The Tanzania Horticultural Association (Taha), is reporting an increase in revenue from the export of avocados which until now were not considered key export cash crop.
However growing demand in the US and Europe has seen the sub-sector increase revenue to USD 23 million annually.
Tanzania is the second largest producer of avocado fruit in Africa second only to Kenya. Over the past 5 years, avocado exports have frog leaped from 1,877 tonnes in 2014 to 9,000 tonnes in 2019 and were it not for the COVID-19 outbreak, this figure was expected to go only higher.
Kenya is already doing much better with its estimated annual output is about 190,000 tonnes every year as the country exports an average of 10,000 metric tonnes annually.
In Tanzania, there are about 10000 farmers of the crop who are spread out across the country and of these, now most have turned to the production of the fruit for export as pieces keep improving. However, avocados take awhile to mature and so expanding production is difficult.
That been true, the global output of avocados has increased by 178 percent in less than a decade. The growth spans from 891,000 tonnes in 2011 to 2.5 million tonnes in 2018 – mostly driven by high demand in the West.
For now, Taha is working on storage of the available fruit. A major huddle in the production of avacados is after harvest losses which occur due to the lack of proper storage facilities in the country.
Loss of quality means the fruit commands lower prices in the world market and so to maintain its value, Taha is reported to be working with the central government to build state-of-the-art facility in one of the richest agriculture districts like Njombe.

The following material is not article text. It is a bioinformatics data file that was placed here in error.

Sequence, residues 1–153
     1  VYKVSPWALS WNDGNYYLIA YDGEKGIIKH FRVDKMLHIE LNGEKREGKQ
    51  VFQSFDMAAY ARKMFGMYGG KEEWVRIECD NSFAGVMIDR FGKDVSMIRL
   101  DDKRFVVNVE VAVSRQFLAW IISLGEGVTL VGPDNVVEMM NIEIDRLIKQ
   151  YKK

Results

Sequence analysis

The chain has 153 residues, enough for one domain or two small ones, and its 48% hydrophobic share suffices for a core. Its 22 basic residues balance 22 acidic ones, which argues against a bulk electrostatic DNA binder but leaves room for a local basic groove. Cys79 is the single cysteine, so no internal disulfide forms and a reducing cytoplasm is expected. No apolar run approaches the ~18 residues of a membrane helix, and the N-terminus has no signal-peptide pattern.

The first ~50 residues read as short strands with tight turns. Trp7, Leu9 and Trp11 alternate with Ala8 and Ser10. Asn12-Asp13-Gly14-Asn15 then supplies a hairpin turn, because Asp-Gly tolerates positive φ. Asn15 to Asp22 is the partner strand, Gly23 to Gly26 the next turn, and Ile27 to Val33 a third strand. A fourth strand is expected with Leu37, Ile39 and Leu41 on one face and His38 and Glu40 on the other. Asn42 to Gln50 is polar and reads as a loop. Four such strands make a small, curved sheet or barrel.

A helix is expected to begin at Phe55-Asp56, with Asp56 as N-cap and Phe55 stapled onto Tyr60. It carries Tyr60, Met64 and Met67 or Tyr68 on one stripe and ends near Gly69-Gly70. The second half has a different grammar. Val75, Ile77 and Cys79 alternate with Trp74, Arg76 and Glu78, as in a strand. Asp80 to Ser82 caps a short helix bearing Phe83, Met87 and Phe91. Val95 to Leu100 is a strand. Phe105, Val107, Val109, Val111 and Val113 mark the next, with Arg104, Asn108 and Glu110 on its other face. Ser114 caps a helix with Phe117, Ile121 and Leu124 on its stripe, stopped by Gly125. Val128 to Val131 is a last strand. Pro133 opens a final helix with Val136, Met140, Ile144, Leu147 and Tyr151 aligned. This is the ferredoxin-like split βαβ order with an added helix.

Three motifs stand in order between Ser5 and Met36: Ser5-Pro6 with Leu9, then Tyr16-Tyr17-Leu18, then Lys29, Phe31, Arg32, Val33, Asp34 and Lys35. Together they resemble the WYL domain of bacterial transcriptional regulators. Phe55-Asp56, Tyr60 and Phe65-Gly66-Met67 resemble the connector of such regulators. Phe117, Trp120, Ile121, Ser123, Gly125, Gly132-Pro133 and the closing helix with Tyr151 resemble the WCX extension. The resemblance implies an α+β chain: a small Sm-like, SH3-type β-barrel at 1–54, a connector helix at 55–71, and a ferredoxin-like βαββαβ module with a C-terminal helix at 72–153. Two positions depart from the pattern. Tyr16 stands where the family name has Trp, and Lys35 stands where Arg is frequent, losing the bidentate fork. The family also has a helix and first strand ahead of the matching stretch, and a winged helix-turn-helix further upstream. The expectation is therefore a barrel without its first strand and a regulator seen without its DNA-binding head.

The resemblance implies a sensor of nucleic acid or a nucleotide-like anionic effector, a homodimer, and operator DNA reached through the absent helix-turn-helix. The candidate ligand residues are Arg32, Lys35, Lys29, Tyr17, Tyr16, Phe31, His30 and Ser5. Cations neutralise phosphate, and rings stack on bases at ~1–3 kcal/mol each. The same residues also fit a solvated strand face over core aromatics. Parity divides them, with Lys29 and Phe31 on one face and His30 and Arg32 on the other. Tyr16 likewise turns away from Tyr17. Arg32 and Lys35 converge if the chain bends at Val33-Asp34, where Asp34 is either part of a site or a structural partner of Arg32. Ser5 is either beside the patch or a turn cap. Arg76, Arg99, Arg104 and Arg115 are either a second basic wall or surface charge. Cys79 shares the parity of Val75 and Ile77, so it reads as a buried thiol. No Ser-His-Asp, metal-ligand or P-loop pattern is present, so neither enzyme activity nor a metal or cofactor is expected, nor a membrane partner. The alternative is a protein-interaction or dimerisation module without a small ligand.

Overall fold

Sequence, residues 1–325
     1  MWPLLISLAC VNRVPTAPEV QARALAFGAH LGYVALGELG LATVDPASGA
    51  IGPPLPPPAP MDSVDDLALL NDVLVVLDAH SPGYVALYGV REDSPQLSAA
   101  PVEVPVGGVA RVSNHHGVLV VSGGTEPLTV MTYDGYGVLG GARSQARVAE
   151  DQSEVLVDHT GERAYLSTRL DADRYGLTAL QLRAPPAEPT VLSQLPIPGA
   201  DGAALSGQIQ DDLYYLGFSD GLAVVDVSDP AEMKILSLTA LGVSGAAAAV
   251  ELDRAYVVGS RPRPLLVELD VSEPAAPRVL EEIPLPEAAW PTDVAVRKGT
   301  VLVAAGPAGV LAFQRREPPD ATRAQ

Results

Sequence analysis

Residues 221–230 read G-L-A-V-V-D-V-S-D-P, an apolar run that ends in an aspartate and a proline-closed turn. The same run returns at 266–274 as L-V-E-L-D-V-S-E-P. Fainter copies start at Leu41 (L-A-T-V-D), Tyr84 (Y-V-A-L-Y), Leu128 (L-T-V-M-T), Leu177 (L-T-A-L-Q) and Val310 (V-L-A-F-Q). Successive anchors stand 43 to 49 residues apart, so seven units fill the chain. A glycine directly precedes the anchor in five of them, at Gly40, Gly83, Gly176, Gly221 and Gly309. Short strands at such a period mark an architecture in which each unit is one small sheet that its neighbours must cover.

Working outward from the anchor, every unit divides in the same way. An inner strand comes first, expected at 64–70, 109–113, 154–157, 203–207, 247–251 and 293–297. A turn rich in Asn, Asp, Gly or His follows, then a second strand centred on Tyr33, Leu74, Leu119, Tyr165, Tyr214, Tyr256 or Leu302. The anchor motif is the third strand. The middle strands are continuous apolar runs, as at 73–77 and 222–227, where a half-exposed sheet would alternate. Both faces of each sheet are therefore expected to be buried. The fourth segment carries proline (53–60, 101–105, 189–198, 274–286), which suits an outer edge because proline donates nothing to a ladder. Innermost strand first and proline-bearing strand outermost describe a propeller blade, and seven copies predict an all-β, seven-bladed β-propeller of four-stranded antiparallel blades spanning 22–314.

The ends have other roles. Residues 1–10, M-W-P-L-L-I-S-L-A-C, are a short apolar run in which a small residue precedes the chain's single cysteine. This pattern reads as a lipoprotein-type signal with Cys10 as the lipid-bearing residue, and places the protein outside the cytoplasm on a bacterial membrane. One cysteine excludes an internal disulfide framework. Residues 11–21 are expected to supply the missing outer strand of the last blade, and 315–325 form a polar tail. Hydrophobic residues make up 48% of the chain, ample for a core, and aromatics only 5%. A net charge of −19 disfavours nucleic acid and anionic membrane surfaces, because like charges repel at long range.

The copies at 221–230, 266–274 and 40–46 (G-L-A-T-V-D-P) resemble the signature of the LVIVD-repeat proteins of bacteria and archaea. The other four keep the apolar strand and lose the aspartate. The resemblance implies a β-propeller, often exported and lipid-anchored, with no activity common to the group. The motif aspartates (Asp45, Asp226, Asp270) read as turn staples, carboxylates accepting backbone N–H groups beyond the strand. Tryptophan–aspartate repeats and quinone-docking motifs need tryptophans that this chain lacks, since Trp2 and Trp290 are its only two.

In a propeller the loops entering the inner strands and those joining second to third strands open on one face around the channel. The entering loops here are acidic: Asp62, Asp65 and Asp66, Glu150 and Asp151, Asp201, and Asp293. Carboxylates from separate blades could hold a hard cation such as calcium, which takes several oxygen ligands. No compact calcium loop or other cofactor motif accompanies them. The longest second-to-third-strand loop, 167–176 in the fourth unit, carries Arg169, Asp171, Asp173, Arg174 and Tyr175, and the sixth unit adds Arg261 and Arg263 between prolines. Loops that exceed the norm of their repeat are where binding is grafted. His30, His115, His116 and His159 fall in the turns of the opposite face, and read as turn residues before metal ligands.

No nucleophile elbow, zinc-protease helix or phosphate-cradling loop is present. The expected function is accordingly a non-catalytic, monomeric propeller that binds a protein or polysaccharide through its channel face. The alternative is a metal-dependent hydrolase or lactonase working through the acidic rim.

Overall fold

Majority of the export goes to Europe where consumption rate for avocados exceeded one million tonnes a year. Better still, the World Avocado Organisation (WAO) expects that a growth rate of 50 percent: between 500,000 and 700,000 tonnes in the course of the next decade.
Tanzania is now looking to make the best of this sub-sector by looking to expand its market capacity to the East, China. Should Tanzania be able to meet the export requirements that the large consumer has placed on the importation of food products.
Consider the fact that China’s avocado imports are valued at USD 105 million per year, that offer a very huge potential market for Tanzania. Even though the market is large, China has placed very strict measures on import of food items, like avocado
As the avocado harvest period comes to a close, Tanzanian farmers are happy to close the marketing session on a high note.
Tanzania has many highland plateaus and mountain ranges that offer the perfect conditions to grow avocados. Technically, avocado plantations should be set at altitudes ranging from 1,100 to 1,900 metres and which receive annual rainfall of around 800 to 1,200 mm. However, in Tanzania, majority of the growers of avocados are small and medium scale farmers. Until these farmers are empowered with necessary farming imports, it is difficult for them to meet the growing demand and the quality requirements that currently hamper all export activities.